Read The Knight of the Burning Pestle by Francis Beaumont Free Online
Book Title: The Knight of the Burning Pestle|
The author of the book: Francis Beaumont
Date of issue: April 1st 2002
ISBN 13: 9781854596246
Format files: PDF
The size of the: 953 KB
Edition: Nick Hern Books
Read full description of the books The Knight of the Burning Pestle:I have little idea what to say about this play... I've seen it twice now at the Sam Wanamaker Playhouse (the indoor theatre at Shakespeare's Globe in London) and it is the most hilarious thing ever. I think it might be my favourite theatrical experience - certainly it is the funniest play I've seen, and very very clever, too.
That it was originally written 400 years ago just boggles my mind. 'Early-modern post-modern' I dubbed it, and my sis approved.
I enjoyed reading the play, and there's certainly plenty of good things on the page. But I think its brilliance is in the scope it allows for a humdinger of a performance. I guess that is true for most plays: they are written to be performed rather than read. (And it's not just me who loves it. Timothy Spall played the part of Rafe some years ago, and named his even more brilliant son after the role.) If you ever get the chance to see this on the stage, please do yourself the proverbial favour.
Francis Beaumont, I do ♥ you truly.
17 June: OK, so I can't work out how to review multiple editions, despite consulting GR's 'Help'.
I originally read the Nick Hern Books edition edited by Colin Counsell (9781854596246).
I've also now read the Bloomsbury edition edited by Michael Hattaway (9780713650693) which is terrific for providing more substance in the intro and notes. Currently my preferred edition.
10 July 2016: And I've now read the Revels Plays edition, edited by Sheldon P Zitner (9780719069673).
This is The One, folks! Absolutely wonderful and very thorough Introduction, which made me feel I was finally getting a grasp on the fact that the play didn't quite appear out of nowhere. Also, very useful appendices on the play's Interludes and Songs. If you need to choose just one edition, this is the one I'd recommend.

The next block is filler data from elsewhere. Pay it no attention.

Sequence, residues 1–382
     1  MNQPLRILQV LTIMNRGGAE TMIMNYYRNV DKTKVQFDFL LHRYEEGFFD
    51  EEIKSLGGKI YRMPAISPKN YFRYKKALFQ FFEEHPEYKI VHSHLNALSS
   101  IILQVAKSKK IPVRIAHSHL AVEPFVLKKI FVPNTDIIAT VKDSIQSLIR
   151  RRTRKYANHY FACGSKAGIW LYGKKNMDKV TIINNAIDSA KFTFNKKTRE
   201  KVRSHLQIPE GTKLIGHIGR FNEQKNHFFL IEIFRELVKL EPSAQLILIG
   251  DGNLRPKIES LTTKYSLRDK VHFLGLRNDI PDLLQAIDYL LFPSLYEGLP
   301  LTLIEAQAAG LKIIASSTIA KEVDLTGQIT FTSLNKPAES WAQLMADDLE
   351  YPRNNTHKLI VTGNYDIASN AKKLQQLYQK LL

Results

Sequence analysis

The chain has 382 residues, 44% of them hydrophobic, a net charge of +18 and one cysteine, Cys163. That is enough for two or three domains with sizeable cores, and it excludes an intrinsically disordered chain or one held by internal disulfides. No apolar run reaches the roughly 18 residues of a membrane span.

Read information about the authorFrancis Beaumont (1584 – 6 March 1616) was a dramatist in the English Renaissance theatre, most famous for his collaborations with John Fletcher.
Beaumont was the son of Sir Francis Beaumont of Grace Dieu, near Thringstone in Leicestershire, a justice of the common pleas. He was born at the family seat and was educated at Broadgates Hall (now Pembroke College, Oxford) at age thirteen. Following the death of his father in 1598, he left university without a degree and followed in his father's footsteps by entering the Inner Temple in London in 1600.
Accounts suggest that Beaumont did not work long as a lawyer. He became a student of poet and playwright Ben Jonson; he was also acquainted with Michael Drayton and other poets and dramatists, and decided that was where his passion lay. His first work, Salmacis and Hermaphroditus, appeared in 1602. The 1911 edition of the Encyclopædia Britannica describes the work as "not on the whole discreditable to a lad of eighteen, fresh from the popular love-poems of Marlowe and Shakespeare, which it naturally exceeds in long-winded and fantastic diffusion of episodes and conceits." In 1605, Beaumont wrote commendatory verses to Jonson's Volpone.
Beaumont's collaboration with Fletcher may have begun as early as 1605. They had both hit an obstacle early in their dramatic careers with notable failures; Beaumont's The Knight of the Burning Pestle, first performed by the Children of the Blackfriars in 1607, was rejected by an audience who, the publisher's epistle to the 1613 quarto claims, failed to note "the privie mark of irony about it;" that is, they took Beaumont's satire of old-fashioned drama as an old-fashioned drama. The play received a lukewarm reception. The following year, Fletcher's Faithful Shepherdess failed on the same stage. In 1609, however, the two collaborated on Philaster, which was performed by the King's Men at the Globe Theatre and at Blackfriars. The play was a popular success, not only launching the careers of the two playwrights but also sparking a new taste for tragicomedy. According to a mid-century anecdote related by John Aubrey, they lived in the same house on the Bankside in Southwark, "sharing everything in the closest intimacy." About 1613 Beaumont married Ursula Isley, daughter and co-heiress of Henry Isley of Sundridge in Kent, by whom he had two daughters, one posthumous. He had a stroke between February and October 1613, after which he wrote no more plays, but was able to write an elegy for Lady Penelope Clifton, who died 26 October 1613. Beaumont died in 1616 and was buried in Westminster Abbey. Although today Beaumont is remembered as a dramatist, during his lifetime he was also celebrated as a poet.
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